Some of the things I'm excited to do over break include applying for scholarships and internships. As appealing as a totally lazy bum winter break might be, I think productivity is even more appealing and it will ultimately pay off in the long run. I am hoping to have a full time internship this summer, and that isn't going to find itself. I have a place in mind, so that's step one, but I still need to work on my resume, cover letter, and application materials. I have some rough drafts, so on Wednesday sometime after my final I plan on heading over to Career and Internship Services to get everything looked at and critiqued. Having a resource like that which is so easily accessibly is honestly priceless (and actually, it's free guys). It's always a good idea to have an extra set of eyes or two to look at stuff like that, so I can't wait to get some feedback.

As for scholarships, I'll be hunting throughout the University website and beyond. There was also an email that went out about the 2013 President's Student Leadership and Service Awards. It could be a long shot, but I intend on applying for this since I do have leadership experience that I've acquired over the past few years. I'll be sure to let you know how it goes!

One other thing I'm really looking forward to over break is my trip to Chicago coming up. I'll be sure to take lots of pictures and blog about it so stay tuned! :)

Until the next,
Ashley O.
Interior Design

You're invited!

| No Comments

Here's a question: Did you know you can come the University of Minnesota and get a customized College of Design tour where you get to see resources, equipment, and student work up close and personal? If you did know this, then great! If you did not know this, don't fret because tours are offered almost every Friday and will resume in the new semester beginning January 25th. If you're wondering who your tour guide would be... the answer is probably me! I give tours every Friday to students who are interested in Interior Design, Apparel Design, Graphic Design, Housing Studies, and Retail Merchandising. There's another awesome tour guide dedicated to Architecture and Landscape Design & Planning over in Rapson Hall (the other design building).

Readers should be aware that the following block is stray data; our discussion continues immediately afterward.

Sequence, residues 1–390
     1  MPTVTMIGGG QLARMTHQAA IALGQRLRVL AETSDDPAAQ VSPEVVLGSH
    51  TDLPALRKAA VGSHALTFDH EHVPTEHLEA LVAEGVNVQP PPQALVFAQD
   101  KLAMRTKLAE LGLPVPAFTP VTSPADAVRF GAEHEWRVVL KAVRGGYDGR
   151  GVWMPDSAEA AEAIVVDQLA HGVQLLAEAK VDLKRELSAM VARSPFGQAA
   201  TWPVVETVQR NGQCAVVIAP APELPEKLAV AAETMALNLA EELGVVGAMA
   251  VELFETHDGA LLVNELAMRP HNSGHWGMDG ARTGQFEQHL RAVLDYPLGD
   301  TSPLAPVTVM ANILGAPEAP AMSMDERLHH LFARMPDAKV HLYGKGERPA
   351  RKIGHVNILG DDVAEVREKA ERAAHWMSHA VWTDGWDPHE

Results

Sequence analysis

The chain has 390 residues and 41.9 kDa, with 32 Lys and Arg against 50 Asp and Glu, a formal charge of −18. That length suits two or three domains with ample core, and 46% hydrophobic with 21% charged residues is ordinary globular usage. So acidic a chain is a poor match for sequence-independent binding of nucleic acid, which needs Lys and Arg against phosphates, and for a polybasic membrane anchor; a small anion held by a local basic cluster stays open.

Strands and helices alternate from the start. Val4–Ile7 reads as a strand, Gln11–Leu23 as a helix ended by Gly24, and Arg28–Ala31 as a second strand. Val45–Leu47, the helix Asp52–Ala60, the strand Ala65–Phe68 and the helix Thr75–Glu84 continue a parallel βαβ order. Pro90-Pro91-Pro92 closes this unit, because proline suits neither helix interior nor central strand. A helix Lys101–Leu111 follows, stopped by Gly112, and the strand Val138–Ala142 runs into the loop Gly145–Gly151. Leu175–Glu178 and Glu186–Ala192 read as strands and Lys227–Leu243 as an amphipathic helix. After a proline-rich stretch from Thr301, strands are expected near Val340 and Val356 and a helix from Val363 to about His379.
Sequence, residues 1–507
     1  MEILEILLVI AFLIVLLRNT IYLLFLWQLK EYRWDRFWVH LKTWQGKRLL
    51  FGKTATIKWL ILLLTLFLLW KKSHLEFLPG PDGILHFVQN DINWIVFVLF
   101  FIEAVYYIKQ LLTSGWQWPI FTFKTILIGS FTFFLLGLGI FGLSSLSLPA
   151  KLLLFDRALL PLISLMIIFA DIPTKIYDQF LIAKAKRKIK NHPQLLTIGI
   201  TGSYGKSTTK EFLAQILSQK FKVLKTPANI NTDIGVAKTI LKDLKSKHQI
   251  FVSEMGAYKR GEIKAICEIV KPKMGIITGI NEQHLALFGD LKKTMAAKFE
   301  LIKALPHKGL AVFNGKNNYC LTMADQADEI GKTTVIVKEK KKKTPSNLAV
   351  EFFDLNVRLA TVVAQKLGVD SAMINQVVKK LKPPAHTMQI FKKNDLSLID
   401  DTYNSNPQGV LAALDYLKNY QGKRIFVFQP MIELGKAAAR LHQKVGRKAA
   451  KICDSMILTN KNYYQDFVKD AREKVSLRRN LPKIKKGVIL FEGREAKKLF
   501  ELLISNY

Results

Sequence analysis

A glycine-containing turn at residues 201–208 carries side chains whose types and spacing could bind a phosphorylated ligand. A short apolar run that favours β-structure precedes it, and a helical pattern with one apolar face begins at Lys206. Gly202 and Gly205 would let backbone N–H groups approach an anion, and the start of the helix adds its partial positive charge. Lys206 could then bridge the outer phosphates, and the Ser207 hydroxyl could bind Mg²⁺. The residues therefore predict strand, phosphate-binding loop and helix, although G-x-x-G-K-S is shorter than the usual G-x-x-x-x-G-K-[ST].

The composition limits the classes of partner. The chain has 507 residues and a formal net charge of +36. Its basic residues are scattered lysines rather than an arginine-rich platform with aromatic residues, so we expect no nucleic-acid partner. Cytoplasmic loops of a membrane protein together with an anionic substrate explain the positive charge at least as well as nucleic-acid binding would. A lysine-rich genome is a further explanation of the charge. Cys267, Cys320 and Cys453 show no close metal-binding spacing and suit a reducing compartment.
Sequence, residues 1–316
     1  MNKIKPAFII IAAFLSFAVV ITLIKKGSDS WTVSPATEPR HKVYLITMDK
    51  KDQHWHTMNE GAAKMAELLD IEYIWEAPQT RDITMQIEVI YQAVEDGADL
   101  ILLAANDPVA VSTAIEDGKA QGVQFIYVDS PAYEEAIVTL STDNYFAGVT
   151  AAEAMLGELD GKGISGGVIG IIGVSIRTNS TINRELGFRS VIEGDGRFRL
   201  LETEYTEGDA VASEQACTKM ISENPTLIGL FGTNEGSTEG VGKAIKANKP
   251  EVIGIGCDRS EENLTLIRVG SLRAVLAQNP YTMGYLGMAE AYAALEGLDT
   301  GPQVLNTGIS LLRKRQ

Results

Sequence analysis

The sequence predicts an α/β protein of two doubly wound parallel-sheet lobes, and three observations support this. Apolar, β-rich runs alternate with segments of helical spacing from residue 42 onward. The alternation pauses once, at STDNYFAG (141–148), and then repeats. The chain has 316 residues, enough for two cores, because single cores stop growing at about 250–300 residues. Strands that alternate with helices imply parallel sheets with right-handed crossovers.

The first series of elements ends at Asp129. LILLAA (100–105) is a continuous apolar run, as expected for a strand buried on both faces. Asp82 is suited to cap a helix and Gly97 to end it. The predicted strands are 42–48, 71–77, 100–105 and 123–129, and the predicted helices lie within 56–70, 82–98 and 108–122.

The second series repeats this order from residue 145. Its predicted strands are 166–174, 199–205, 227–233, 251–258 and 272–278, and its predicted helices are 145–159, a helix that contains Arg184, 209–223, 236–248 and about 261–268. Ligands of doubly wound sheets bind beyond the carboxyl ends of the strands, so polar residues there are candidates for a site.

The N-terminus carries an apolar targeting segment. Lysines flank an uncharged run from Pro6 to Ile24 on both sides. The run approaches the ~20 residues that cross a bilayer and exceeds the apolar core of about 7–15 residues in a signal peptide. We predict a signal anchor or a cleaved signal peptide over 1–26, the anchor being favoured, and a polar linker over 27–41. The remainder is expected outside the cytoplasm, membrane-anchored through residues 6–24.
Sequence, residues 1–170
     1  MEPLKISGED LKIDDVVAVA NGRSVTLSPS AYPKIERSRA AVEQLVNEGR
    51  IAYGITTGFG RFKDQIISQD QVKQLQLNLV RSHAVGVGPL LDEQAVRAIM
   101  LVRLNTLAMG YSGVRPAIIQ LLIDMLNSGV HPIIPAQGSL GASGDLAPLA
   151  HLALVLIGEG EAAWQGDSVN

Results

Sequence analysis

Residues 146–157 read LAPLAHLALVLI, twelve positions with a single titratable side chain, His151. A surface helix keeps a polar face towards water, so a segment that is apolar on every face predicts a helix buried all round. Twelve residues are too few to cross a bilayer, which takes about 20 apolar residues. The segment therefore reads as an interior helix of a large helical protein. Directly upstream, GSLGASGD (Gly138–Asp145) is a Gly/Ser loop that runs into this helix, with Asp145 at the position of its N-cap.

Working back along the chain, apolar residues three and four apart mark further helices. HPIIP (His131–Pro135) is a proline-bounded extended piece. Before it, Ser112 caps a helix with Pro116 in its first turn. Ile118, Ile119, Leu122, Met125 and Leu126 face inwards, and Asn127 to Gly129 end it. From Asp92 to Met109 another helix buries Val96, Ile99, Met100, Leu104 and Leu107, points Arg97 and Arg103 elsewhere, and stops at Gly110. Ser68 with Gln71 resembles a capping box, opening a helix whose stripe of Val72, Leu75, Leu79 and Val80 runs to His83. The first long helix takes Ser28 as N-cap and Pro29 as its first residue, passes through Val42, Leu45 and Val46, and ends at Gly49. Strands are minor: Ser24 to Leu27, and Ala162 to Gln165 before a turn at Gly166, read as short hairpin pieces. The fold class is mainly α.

blog photo screenshot.jpg

These tours are a great way to learn more about programs you are interested in as well as get a sense of what the campuses are like. It's nice because you see a dorm, get an info session, then get to view the academic side of things. Some of the highlights include seeing studio spaces for various majors, getting an inside peek at resources available, and the services such as Student Services or Career and Internship Services. By learning about what the College of Design has to offer while you are a prospective student, it really gives you an advantage once you come here because you already know so much.


If you're interested in setting up a tour, it's really easy! Just click here for more info.

Hope to see you on a tour sometime! :)

Ashley
Interior Design

Finals Week Begins

| 1 Comment

It's a big week for students here at the U as final exams begin and social lives are put on hold. Aside from a few finals early next week, I've been spending most of my time on a term paper and group research project in my Life Cycle Assessment (LCA) course. MY group mates and I are working hard assessing, modeling, and comparing the life cycles and carbon/greenhouse gas emissions of two different commercial roofing materials/treatments: a PVC-laminated poly membrane called Dura-Last made from recycled post-industrial waste, and modular LiveRoof "living" green roof system. Some of our inventory modeling work is shown below - as you can see, things are starting to get complicated. Although it can be frustrating at times, the application of course material to a group project l is where we really start to gain a deeper understanding and appreciation for LCA and its allied sciences. Hopefully, I'll be able to apply it in the real world one day.

useeee.PNG brookewz.png

backyardsnowyyy.JPGOutside of the school craziness, the weather must've been feeling wild and threw us all a deceivingly beautiful "welcome to MinneSnowta" snowstorm. Although the outdoor conditions throughout remained mostly calm and picturesque (large fluffy snowflakes gently falling and now wind), the precipitation went steady and strong for longer than most people realized. After what seemed like days of constant snowfall, the temperatures dipped into the low teens - turning roads into ice skating rinks overnight. Traffic was absolute mayhem for a good part of Monday morning (not exaggerating) before city workers were able to melt the ice on main roads. The whole thing was a pretty dramatic seasonal transition for all of us, but the first big snowfall is always a fun time for us Minnesotans, assuming your car didn't get towed during a Snow Emergency.